The sweet taste from the South: a gift from Chile to Philadelphia
Have you ever wondered where those strawberries in your breakfast come from? Or the papayas, mangoes and pineapples that make fantastic smoothies? We are…
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To think that the sweet and tasty apple traveled from a long and narrow country in the south of the continent ends up on our table is a reflection that we rarely do.
Even less could we imagine that almost all the fruits we get at the supermarket are proudly Chilean.
This was our pleasant discovery when we attended the international business, fruit and vegetable export event in Chile, better known as Fruittrade, last Wednesday in the city of Santiago. This is an event that "puts in direct contact Chilean producers / exporters with buyers from both Chile and abroad", and one of them is the United States.
Organized by Fedefruta (Federation of Fruit Producers of Chile), and with the support of the Chilean government through the Ministry of Agriculture and the Ministry of Foreign Affairs, the event offers producers and investors an exchange platform that provides fruit to the tables of millions of people around the world.
That is why Christina Lista (executive director of the Chilean and American Chamber of Commerce of Greater Philadelphia) and Miriam Borja-Fisher (director of commercial development for Western Fumigation and treasurer of the Chilean and American Chamber of Commerce in Philadelphia) were present, to understand first hand the origin of so many products that Americans consume today.
"We are here to meet our partners, with whom we have been working for almost 30 years, through the Chamber," says Christina with a smile of excitement since is her first time as a participant in the event.
The CACCGP is a non-profit, apolitical membership organization created to “foster increased and improved commercial and trade relations between the Republic of Chile and the Greater Philadelphia region”. It also represents the region of New York, Delaware and Pittsburgh, which provides an exchange platform for participation in a wide range of business activities and programs.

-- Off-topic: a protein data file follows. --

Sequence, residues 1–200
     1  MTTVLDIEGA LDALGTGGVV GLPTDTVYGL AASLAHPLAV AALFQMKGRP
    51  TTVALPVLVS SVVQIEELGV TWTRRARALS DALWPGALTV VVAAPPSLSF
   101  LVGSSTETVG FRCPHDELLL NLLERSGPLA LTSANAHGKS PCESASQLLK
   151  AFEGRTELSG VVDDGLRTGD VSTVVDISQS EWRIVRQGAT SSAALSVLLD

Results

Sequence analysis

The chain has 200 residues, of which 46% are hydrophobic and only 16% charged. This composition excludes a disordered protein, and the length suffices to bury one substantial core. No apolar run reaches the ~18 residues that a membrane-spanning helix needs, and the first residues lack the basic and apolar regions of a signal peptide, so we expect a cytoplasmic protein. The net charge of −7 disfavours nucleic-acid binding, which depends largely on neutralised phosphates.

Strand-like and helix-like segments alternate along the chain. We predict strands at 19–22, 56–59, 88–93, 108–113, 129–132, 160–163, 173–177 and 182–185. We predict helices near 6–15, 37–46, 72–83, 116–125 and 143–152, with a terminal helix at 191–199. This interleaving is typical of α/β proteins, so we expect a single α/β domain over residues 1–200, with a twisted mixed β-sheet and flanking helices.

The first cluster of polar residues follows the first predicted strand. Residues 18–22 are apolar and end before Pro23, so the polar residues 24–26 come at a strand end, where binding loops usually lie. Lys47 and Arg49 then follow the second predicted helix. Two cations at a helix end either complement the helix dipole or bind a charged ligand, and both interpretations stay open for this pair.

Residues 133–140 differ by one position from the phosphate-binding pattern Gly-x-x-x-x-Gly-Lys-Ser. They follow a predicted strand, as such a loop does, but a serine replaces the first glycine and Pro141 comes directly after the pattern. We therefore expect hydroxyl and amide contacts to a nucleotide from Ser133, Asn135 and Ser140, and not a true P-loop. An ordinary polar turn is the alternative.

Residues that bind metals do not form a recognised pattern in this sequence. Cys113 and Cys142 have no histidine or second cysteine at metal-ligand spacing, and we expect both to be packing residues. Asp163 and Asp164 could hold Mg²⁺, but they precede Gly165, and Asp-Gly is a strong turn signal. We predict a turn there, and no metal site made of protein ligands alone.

"Almost 70% of the fruit that’s exported to the US comes through the Philadelphia area. From my perspective, this is because of the relationships that we’ve formed between the people of our region and Chile. They have welcomed us with open arms and it has been an incredible experience," says Lista.
And with good reason: the great production of fruit in Chilean territory goes unnoticed for much of the population.
When we talk about "Latin American fruits" the image that usually comes to mind is that of Carmen Miranda (Brazilian actress who became an icon for the fruit basket in her head), who represented the "flavor" of the tropics in the world’s cultural imaginary during the decade of the 40s.
Few understand and assume that fruit production in Latin America is a business that has taken off and shows no sign of lowering its standards.
With an average of 300,000 hectares planted between the regions of Atacama and Los Lagos, Chile is today the largest producer of fruit and forestry products in the hemisphere. According to the report of the Bureau of Agricultural Policies and Studies, this sector produces "about 5 million tons of fruit, of which 2.6 million are exported as fresh fruit", generating an income of 4,000 million dollars per year, its star products being table grapes and blueberries.
Lemons, almonds, strawberries, cherries, avocados, kiwifruit, apples and pears are just some of the Chilean products that reach tables as distant as the European ones and now the Asian ones, through about 800 national exporting companies and countries.
As explained by Luis Schmidt (President of Fedefruta), the three largest markets in Chile are the United States, Europe and Latin America, and from 2016 its market has opened to Asia, which today represents 40% of the world's population.
Between 2009 and 2017, fruit exports to the United States increased from almost US $ 2.5 billion FOB (Free on board) to US $ 3 billion, of which 70% entered, as Christina Lista pointed out, through the Philadelphia area.
The importance of this type of commercial exchange for the Philadelphian population is not at all negligible. According to Miriam Borja-Fisher, from her perspective as a Latina who has lived all her life in the United States: "This is something very well accepted and known, that the southern countries produce and export fruits for the winter time. Some of us, who are a little bit older, can remember how in the 70's and 80's, it was very limited what fruits you could eat in the winter. Although the grapes were grown in California, in winter we had no grapes, we didn’t have all the fresh fruits we now enjoy thanks to Chile, because of all Latin countries."
Although it was almost 30 years ago, the opening of this trade as a channel of exchange makes us think about the potential of the Latin category inside and outside the American community. The Latin American product is today a concept of debate, either from the human workforce perspective within the United States or as economic potential of Latin nations that are part of the exchange in international trade.
One way or another, the Latin flavor is not only idiosyncratic but also economic, and demonstrates the strength and benefits that can arise when, instead of walls, we consciously decide to forge bridges.